Ukraine needs to simplify the bureaucracy in the work and accounting of charitable foundations and volunteers, said Artem Honcharenko, president of the Reconstruction and Development of Ukraine Foundation, a volunteer.
“I am in favor of simplifying the procedure for transferring charitable aid to recipients, simplifying the bureaucracy in the work of charitable foundations and volunteers. I know from my own experience how much time is spent on paperwork and bureaucracy. For example, a person who is at “zero” on the frontline has to write us an application, according to which we have to collect everything and give him or her a certificate to sign that he or she has received our help. I have an example when a person for whom we were collecting aid died while we were filling out all the paperwork,” he said during a roundtable discussion at the Interfax-Ukraine news agency on Thursday.
Goncharenko noted that one way to simplify the processing of aid provided by charities and volunteers is to fill out and submit documents online.
“We need to simplify the procedure. I am speaking here on behalf of all the foundations, I think they support me in this: we need to simplify this system or allow us to fill it out online. Then people will be able to fill it out, and we will be able to ship them the aid,” he said.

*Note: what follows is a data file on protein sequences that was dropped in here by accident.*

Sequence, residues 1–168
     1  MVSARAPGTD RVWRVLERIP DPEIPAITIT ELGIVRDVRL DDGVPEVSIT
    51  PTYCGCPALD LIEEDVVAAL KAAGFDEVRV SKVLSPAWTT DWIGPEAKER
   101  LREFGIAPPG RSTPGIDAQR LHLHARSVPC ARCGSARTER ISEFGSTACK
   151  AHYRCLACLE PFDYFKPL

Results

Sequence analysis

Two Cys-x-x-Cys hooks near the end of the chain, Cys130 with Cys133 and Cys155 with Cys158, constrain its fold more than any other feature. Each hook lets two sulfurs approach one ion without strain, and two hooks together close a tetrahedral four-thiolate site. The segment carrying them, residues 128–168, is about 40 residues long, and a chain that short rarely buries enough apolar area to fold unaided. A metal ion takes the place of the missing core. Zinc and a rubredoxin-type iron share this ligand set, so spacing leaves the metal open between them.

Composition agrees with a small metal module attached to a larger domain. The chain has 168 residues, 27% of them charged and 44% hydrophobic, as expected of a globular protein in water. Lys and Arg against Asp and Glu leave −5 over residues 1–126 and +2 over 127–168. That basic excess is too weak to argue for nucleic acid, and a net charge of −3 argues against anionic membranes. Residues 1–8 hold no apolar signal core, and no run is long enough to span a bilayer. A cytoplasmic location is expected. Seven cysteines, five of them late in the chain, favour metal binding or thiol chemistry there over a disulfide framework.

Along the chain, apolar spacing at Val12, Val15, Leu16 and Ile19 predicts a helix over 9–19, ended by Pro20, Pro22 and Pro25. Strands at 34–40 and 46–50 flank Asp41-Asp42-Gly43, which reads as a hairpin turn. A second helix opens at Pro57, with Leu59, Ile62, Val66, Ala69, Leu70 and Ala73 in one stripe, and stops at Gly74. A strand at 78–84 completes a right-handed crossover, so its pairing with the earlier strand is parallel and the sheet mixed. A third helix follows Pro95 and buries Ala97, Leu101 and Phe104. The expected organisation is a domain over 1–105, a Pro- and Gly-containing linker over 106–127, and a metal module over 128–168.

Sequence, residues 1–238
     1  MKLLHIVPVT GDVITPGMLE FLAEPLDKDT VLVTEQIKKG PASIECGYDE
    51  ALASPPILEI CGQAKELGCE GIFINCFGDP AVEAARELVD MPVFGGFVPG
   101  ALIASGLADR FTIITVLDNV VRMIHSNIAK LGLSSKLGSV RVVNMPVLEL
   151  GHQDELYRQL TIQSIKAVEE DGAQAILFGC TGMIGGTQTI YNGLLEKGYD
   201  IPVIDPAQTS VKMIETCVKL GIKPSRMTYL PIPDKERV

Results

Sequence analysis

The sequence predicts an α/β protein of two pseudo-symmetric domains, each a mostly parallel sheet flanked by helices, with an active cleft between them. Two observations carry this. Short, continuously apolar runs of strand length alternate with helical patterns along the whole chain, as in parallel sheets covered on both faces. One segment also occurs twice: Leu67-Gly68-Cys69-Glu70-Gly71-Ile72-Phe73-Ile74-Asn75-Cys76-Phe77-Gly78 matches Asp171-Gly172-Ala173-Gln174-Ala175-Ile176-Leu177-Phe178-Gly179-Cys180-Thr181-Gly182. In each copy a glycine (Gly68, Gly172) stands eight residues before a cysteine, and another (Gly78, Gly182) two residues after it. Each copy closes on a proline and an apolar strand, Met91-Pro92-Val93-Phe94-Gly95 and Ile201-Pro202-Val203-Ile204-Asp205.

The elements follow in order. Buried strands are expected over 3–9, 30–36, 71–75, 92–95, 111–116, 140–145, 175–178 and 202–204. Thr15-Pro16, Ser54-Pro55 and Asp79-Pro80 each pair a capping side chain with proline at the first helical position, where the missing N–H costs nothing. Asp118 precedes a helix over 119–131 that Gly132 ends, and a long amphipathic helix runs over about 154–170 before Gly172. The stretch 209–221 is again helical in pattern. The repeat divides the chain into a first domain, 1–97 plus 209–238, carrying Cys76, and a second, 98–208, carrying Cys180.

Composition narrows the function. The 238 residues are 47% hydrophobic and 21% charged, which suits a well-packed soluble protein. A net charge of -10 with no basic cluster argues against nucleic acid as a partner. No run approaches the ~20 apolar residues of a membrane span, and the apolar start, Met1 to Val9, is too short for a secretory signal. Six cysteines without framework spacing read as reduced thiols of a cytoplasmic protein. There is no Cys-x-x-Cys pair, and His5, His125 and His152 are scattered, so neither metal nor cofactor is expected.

Honcharenko also emphasized the need to regulate the issue of VAT taxation of goods purchased and delivered by charitable foundations and volunteers.
“We need to remove VAT from these goods. When we imported the first mobile hospital, it cost EUR 230 thousand, and the VAT amounted to another EUR 50 thousand,” he said.
In his turn, Serhiy Petkov, Doctor of Law, military officer, emphasized the need to use online tools in the process of receiving social assistance and payments, in particular for veterans and military personnel.
At the same time, he noted that in Ukraine, “for some reason, issues are resolved at the level of bylaws, and this should not be the case in a democratic state governed by the rule of law, legislation should be codified.”
“All these bylaws, various resolutions, instructions, letters, explanations, etc. should become a thing of the past, we need to move away from manual control and move to a normal democratic legal life so that everything happens in accordance with the law,” he said.